In 1940, Virginia married Wilhelm F. Knauer, a corporate lawyer and former deputy attorney general of Pennsylvania. They moved to a property in Upper Holmesburg, where they had land to indulge their passion for raising Doberman pinschers. In 1948 the Knauers bought the historic Morelton Inn along the Delaware River in Torresdale. The Morelton had been a well-known resort for wealthy Philadelphians at the turn of the twentieth century. The Knauers restored the home, including having paneling from China Hall, a historic house in nearby Bucks County that was about to be demolished, removed and installed at Morelton. They later founded the Knauer Foundation for Historic Preservation, through which they purchased the eighteenth-century Man Full of Trouble tavern in the Society Hill section of Philadelphia, which had also been threatened with demolition. They ran the Man Full of Trouble as a museum.
The Knauers were very active in politics. In 1958 Virginia Knauer was appointed Vice Chairman of the Philadelphia Republican City Committee and in 1959 she became the first Republican woman to serve on Philadelphia City Council. Eight years later she was appointed director of Pennsylvanias Bureau of Consumer Protection, the first woman in America to administer such a bureau. She held that office until 1969, when President Richard Nixon appointed her Special Assistant to the President for Consumer Affairs and later Director of the federal Office of Consumer Affairs. She also held this position under Presidents Ford and Reagan. For a time Virginia Knauer was the highest ranking female in the Executive Branch of the US government.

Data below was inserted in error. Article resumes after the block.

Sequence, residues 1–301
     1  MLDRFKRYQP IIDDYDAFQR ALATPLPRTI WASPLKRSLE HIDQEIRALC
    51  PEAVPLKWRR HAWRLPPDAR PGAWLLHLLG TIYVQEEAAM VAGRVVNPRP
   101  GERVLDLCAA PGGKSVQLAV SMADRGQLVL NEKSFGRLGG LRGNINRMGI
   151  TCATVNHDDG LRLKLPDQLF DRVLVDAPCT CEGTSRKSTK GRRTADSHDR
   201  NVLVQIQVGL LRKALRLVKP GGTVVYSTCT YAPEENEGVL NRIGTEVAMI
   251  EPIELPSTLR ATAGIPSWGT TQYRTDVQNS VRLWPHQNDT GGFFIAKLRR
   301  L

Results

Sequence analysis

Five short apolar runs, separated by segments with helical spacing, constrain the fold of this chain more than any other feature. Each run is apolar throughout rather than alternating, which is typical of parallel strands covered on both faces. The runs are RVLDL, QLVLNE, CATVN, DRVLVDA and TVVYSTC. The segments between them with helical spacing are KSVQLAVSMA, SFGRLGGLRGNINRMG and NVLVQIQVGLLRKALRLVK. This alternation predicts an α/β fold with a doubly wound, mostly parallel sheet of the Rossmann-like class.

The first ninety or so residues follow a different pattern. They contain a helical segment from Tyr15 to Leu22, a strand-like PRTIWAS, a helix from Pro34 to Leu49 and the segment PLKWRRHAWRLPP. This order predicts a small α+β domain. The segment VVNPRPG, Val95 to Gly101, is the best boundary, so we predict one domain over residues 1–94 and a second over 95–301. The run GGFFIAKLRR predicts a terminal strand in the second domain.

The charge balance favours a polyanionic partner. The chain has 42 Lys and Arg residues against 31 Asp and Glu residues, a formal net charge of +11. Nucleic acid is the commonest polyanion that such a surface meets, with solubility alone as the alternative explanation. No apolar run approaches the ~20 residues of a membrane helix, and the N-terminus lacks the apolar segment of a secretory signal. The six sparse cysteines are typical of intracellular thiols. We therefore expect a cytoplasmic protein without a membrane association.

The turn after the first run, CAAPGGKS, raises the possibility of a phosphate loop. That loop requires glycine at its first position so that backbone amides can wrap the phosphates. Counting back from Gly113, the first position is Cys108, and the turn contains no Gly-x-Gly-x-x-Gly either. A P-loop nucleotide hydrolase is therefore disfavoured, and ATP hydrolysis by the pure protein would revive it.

She was a tireless advocate for consumers, once describing herself as a pipeline to the president for consumers. She championed many consumer protection initiatives and was responsible for the establishment of many consumer safeguards.
Virginia Knauer received many honors and awards in her lifetime, including being named a Distinguished Daughter of Pennsylvania in 1969 and receiving the Gimbels Award in 1977. She died in 2011 at the age of 96 in her home in Washington, DC, and is buried at All Saints Episcopal Church in Torresdale.
Return to Top
Pat Worthington Stopper
Born Patricia Worthington in 1928 into a family whose roots in Northeast Philadelphia go back over 300 years, Pat Worthington Stopper has spent many years collecting, preserving, and sharing local history. A long time resident of Bustleton, she has researched and written extensively about the neighborhoods of Bustleton, Somerton, and Byberry and has given presentations to schools, libraries, and historical groups.